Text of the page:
Kim Weeks and I are back. If you missed our chat on Instagram Live, catch up here on The Yoga Inspiration Podcast. I spoke with Kim earlier about Yoga Alliance. We continue our discussion of the Ashtanga practice, the intersection of spiritual practice and social justice, and how the dynamics of the yoga teacher and the practice are changing.
The Ashtanga practice provides us with the eight full limbs that create the moral and ethical guidelines we need to live a full life. Your spiritual practice can provide you with a blueprint for taking on the real world and its problems, but those who teach Ashtanga have a responsibility to protect the lineage of the practice while still providing a safe space for all students to practice. 
Being a yoga teacher is more than mastering the asanas or completing so many hours of training. Yoga teachers are responsible for tending the path and helping students build a strong foundation for their spiritual practice. Today, however, the role of the teacher is changing, and that dynamic now involves discussing the history of colonization, racial appropriation, and the racism that goes along with it. 
If you’re thinking of becoming a yoga teacher, ask yourself how invested you are in the student’s journey. Not just your yoga students but also your personal yoga journey. Even if you practice 10,000 hours in this lifetime, you will never stop learning. Those who love to learn often make the best yoga teachers because they are dedicated to cultivating the path and creating an accessible student’s journey. I share tips for anyone interested in joining a mentorship and becoming a teacher, and I offer advice on why teaching accessible Ashtanga yoga is important.
Asanas are only a part of the practice, and you’re missing out on a lot of spiritual growth when you focus primarily on perfecting your poses. But what happens if you’re injured? Or as you age? Should you stop your spiritual practice just because you’re not physically able to do the traditional asanas anymore? 
No! You can still practice yoga, even if you can’t stretch your foot behind your head or achieve a full headstand. You can also continue to access the spiritual experience of yoga in a modified pose, and I discuss ways teachers can bring more accessible Ashtanga yoga to their students.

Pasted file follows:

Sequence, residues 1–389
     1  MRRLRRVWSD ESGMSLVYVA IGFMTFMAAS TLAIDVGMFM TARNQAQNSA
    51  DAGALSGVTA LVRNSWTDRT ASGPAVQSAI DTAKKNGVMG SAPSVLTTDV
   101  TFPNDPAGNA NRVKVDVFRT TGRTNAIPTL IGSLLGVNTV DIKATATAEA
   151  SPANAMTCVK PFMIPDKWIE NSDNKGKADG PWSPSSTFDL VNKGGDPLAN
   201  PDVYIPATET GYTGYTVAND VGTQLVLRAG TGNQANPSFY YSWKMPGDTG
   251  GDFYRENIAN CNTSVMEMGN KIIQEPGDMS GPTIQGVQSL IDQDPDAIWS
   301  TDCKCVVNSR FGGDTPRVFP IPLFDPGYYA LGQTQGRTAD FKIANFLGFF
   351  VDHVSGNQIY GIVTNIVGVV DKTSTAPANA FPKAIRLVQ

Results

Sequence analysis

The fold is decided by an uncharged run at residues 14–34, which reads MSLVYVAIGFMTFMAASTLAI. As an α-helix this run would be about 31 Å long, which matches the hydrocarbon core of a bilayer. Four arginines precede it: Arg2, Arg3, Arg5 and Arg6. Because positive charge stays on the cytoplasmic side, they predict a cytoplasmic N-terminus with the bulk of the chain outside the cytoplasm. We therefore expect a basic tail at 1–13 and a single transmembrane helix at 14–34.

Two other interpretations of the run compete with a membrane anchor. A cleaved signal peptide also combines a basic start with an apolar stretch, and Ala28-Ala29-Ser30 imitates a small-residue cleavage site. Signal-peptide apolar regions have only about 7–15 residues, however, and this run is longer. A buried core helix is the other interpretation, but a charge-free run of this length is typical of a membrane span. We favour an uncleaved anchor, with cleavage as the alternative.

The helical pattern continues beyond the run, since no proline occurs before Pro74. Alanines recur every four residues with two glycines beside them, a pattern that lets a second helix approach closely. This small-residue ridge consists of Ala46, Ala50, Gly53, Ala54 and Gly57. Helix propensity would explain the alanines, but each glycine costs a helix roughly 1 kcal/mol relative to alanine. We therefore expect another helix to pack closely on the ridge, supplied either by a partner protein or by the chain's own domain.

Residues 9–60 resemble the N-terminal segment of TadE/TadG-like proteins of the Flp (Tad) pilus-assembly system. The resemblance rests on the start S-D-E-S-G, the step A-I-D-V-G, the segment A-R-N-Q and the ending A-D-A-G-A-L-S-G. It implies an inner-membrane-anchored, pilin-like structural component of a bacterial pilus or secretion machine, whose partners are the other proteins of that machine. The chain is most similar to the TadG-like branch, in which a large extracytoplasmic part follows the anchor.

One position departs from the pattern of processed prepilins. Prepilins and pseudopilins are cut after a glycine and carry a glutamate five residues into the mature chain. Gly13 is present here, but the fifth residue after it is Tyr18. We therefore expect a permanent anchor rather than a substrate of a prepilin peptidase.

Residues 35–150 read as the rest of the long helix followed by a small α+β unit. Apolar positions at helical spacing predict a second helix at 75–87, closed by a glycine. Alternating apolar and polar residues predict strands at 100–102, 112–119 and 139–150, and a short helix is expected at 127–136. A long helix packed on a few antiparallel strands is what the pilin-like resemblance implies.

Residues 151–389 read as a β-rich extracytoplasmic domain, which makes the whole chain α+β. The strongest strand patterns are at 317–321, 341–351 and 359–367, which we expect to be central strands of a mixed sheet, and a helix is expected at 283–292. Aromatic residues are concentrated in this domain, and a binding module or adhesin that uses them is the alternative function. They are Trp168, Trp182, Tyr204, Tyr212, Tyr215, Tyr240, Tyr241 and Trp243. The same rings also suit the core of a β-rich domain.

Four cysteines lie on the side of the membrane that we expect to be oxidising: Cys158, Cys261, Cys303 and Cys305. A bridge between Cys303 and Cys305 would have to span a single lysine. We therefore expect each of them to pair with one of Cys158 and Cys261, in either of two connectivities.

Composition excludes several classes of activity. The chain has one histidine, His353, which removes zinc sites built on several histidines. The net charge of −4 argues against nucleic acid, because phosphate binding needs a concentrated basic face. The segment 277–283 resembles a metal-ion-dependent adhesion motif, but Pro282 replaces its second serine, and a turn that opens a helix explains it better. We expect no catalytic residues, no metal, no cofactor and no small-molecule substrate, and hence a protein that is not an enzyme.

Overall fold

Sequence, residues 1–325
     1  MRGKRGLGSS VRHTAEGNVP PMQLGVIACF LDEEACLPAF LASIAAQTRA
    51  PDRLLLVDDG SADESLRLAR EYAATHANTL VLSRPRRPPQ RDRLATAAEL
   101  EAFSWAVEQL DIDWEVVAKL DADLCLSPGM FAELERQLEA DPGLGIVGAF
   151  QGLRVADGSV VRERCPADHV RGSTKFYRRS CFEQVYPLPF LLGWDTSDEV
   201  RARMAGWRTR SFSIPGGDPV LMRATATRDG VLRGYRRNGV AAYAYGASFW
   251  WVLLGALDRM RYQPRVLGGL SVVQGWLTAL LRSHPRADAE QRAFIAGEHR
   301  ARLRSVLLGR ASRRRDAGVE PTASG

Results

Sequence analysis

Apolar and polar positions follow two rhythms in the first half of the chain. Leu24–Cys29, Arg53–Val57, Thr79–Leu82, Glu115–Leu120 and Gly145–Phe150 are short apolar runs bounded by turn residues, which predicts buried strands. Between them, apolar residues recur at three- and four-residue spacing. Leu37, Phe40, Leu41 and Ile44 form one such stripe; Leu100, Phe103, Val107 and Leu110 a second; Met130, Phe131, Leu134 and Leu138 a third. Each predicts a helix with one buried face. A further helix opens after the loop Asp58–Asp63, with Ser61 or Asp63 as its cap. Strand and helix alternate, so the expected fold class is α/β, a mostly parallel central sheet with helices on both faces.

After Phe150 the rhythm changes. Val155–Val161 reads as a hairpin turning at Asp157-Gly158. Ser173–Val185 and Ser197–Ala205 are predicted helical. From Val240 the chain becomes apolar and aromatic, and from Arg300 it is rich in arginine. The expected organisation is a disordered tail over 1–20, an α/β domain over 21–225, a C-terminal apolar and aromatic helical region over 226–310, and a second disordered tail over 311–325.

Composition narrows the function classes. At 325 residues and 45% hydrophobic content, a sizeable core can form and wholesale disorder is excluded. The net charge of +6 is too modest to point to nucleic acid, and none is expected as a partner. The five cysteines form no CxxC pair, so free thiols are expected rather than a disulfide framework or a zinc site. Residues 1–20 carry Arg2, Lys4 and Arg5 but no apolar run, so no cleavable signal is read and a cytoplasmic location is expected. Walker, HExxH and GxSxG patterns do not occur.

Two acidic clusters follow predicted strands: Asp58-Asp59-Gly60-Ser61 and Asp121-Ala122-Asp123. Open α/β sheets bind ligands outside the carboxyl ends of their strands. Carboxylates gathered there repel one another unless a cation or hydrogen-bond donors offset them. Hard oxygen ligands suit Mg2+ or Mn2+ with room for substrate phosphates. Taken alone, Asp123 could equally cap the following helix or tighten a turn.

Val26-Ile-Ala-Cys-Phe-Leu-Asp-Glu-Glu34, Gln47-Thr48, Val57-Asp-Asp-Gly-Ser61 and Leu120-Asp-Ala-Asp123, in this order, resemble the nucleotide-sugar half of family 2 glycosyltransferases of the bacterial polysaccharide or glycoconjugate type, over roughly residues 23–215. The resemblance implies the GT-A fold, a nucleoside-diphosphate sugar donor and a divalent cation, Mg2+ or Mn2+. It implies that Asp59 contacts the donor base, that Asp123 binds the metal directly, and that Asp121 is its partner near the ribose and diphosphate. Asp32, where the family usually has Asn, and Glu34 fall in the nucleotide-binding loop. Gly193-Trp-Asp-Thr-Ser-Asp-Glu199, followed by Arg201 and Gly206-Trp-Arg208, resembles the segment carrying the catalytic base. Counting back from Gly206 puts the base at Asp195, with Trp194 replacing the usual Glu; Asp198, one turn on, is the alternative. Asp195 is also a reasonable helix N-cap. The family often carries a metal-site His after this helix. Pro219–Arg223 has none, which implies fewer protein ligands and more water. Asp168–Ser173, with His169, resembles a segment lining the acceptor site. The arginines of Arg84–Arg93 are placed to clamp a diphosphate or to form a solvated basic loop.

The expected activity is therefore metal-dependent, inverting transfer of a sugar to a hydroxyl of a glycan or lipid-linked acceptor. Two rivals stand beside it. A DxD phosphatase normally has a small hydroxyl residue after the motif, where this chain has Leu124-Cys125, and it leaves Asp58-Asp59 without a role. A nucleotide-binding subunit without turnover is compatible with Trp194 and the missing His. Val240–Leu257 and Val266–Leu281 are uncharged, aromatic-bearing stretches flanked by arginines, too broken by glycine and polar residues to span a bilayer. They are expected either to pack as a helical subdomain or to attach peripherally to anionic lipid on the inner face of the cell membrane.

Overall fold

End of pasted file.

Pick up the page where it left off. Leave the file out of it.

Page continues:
Ashtanga intimidates a lot of students, and that intimidation is justified. The work required of a yoga student practicing Ashtanga is very intense, but not because of the poses. I define “The Work” for Kim, but my listeners know that I use this phrase all the time — it’s the work of showing up to practice every day, taking a good, deep look at yourself, and chipping away at our old thought patterns and negative ways of thinking one day at a time. 
You don’t need to master the poses to put in the work, but you should be stepping onto your mat every day to try. Many yoga studios offer scholarship programs and free classes, and it’s never too late to sign up. 
Follow me on Instagram @kinoyoga to catch more live interviews and Q&As. If you would like to sign up for yoga courses with me, get your free 30-day membership on Omstars.com. Use code: PODCAST. Keep up with us online @omstarsofficial.
Kim Weeks fosters transformation. She's a Certified Iyengar Yoga Teacher who started out on Wall Street until 9/11 changed her life's course. She has taught yoga for 20 years, is a mindfulness consultant for businesses seeking to foster transformation, and leads conversations on the intersections of yoga and mindfulness with those of lineage, scientific research, justice, and the meaning of practice in the 21st century. Learn more about Kim at her website www.weekswell.com.
Visit my blog at Kinoyoga.com and don’t hesitate to get in touch with me at info@kinoyoga.com. If you want to share what you’ve learned on your yoga journey, you could be invited to guest spot on The Yoga Inspiration Podcast. 

59 min